Leonard 'Skip' Pirilla Jr.

Mark Soroka

Leonard “Skip” Pirilla Jr., 73, stands in front of the Perry Drug Store, which his father opened in 1941. Skip took over the store in 1976.

Editor’s note: This is part of a continuing series on senior citizen business owners in the Mon Valley area.

Leonard “Skip” Pirilla Jr., 73, has seen many changes at Perry Drug Store over the years. His pharmacy moved to a larger building in 1951 and later expanded to offer immunizations, medication therapy management and durable medical equipment.

But one thing remains unchanged at Perry Drug Store. Pirilla, along with his team of pharmacists and support staff, continues to offer friendly service that is personalized for each of his customers.

“For the past 75 years, we have been living by the same motto at Perry Drug Store,” he said. “We tell our customers that Perry Drug Store is a place where they become friends with us. And our friendly staff aim to make that true for every person who steps through our doors.”

Pirilla, who grew up in Perryopolis and graduated from Frazier High School, now lives in Rostraver Township. He said he has learned many important lessons from his father, Leonard Pirilla Sr, who opened Perry Drug Store in 1941.

“My father was more than just an excellent pharmacist,” Pirilla said. “He also knew how to work with people. “He always made sure that everyone’s needs were taken care of. That made a deep impression on me.”

After graduating from West Virginia University with a bachelor’s degree in education, Pirilla taught physical education in Elizabeth Forward for five years before working on his pharmacy degree at the University of Pittsburgh. He took over ownership of Perry Drug Store in 1976 and has been filling prescriptions there ever since.

“It has been very rewarding to continue our family’s tradition of providing pharmacy services for the residents of Perryopolis and the surrounding communities,” said Pirilla.

Today, Perry Drug Store does more than just dispensing prescriptions. It also provides pharmacist consulting, medication therapy management, Medicare Part B services, medication synchronization, adult vaccines, blister packaging, durable medical equipment and over-the-counter items. In addition, it offers a full selection of health and wellness items, greeting cards, gift items, Yankee Candles, photo printing, light snacks and cold beverages.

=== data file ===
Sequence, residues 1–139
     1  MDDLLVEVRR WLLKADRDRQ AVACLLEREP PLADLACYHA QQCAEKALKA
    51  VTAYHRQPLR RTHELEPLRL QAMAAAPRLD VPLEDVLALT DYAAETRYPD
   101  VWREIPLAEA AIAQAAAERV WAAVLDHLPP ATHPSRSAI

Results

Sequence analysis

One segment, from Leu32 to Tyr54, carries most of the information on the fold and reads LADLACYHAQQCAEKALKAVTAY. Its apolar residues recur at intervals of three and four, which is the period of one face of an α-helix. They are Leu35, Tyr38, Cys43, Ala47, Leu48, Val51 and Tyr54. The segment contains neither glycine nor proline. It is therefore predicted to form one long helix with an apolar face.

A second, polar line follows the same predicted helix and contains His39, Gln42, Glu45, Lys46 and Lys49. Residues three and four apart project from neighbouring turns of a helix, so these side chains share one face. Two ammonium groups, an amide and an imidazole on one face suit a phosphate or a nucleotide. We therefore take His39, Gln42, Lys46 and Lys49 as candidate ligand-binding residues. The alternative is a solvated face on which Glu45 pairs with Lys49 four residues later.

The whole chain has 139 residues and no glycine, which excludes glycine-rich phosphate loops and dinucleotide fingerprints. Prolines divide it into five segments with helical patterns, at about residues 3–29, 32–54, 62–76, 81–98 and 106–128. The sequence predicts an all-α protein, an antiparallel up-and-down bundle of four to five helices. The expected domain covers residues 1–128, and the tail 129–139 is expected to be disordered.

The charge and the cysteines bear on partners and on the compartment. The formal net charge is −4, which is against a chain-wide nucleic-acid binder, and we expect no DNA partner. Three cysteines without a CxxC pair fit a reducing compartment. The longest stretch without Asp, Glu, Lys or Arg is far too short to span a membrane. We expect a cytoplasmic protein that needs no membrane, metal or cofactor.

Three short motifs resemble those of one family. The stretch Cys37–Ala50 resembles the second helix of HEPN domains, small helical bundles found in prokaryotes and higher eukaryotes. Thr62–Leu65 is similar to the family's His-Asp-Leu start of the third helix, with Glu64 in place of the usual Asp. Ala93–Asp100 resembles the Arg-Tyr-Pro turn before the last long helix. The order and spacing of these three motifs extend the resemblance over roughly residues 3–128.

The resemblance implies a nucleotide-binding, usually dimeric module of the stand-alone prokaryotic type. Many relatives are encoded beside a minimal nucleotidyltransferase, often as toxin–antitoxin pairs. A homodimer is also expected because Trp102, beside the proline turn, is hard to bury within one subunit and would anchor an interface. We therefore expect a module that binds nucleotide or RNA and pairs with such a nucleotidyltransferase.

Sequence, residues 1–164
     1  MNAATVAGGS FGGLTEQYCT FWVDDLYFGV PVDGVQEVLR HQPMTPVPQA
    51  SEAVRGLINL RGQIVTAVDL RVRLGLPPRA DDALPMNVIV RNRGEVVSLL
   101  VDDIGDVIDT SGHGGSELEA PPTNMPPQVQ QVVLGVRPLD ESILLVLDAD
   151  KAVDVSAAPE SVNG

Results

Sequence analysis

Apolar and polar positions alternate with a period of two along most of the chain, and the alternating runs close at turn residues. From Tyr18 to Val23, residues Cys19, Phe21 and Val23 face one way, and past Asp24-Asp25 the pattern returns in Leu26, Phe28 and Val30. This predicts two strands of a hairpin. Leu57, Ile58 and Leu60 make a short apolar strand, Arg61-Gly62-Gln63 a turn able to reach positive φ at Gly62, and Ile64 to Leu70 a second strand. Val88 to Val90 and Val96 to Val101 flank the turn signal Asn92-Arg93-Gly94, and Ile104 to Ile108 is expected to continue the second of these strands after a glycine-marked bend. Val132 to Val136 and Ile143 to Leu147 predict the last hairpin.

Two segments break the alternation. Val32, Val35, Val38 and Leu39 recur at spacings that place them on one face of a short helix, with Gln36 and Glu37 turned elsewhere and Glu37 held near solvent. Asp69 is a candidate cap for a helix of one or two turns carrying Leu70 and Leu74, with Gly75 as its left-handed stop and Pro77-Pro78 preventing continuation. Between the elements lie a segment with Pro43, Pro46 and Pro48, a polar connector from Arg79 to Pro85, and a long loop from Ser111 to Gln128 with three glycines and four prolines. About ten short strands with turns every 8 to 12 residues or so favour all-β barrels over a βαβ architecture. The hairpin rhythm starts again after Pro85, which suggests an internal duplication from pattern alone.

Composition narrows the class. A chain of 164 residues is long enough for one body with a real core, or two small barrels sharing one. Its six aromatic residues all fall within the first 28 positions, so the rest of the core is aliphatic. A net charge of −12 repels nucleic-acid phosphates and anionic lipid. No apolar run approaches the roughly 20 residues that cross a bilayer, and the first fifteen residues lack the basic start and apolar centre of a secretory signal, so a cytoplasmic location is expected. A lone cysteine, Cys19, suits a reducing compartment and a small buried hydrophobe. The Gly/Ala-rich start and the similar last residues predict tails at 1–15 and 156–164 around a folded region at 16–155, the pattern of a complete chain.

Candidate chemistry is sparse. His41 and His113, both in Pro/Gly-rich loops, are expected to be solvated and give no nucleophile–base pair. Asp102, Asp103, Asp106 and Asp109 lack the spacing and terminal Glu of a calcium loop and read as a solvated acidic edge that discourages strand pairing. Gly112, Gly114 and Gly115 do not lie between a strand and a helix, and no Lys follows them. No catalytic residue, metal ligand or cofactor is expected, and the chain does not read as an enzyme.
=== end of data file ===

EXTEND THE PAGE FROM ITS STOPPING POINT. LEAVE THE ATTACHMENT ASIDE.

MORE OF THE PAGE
Perry Drug Store is one of the few remaining corner drug stores that are independently owned. Pirilla noted that it is the mail order pharmacies, rather than the large retail chains, that are driving smaller drug stores out of business.

“People are increasingly being forced to order their prescription drugs by mail order,” said Pirilla. “Mail order companies promise consumers they will save money but that’s often not the case. Furthermore, mail order companies are notorious for making mistakes. On top of that, consumers have lost that one-on-one interaction with their local pharmacist.”

Pirilla said at the store, he and the employees there get a chance to know customers and personalize service for them.

“Whenever a customer has a question, we are always there to help,” he said.

That personalized service has paid great dividends for Perry Drug Store. “Our customers are very loyal and we are now serving the fifth generation of many local families,” said Pirilla.

Perry Drug Store is truly a family affair, Pirilla’s wife, Marie, handles the bookkeeping while his sister Pam Seydor fills in on the pharmacy rotation a few hours each week. In addition, his grandson Tyler and granddaughter Caitlyn are attending college and preparing for pharmacy careers.

While Pirilla has gradually cut down the number of hours he spends behind the pharmacist’s bench, he still works at his drug store almost every day. “I consider myself in retirement training, so I’m not quite ready to quit working,” he said. “Working helps me to keep younger, and it’s easier now because I have more flexibility with my schedule.”

Pirilla added that he owns the Perryopolis Auto Auction and Flea Market, along with his brother, Brian Pirilla, and sisters, Pam Seydor and Kathleen Kifer.

When asked if he has any advice for seniors who want to keep active, Pirilla repeats a tip he got from one of his former employees.

“I was told that before you go to bed, you should know what you are going to do the next morning,” he said. “That’s a good strategy for anyone to follow. It gives you something to look forward to the next day.”

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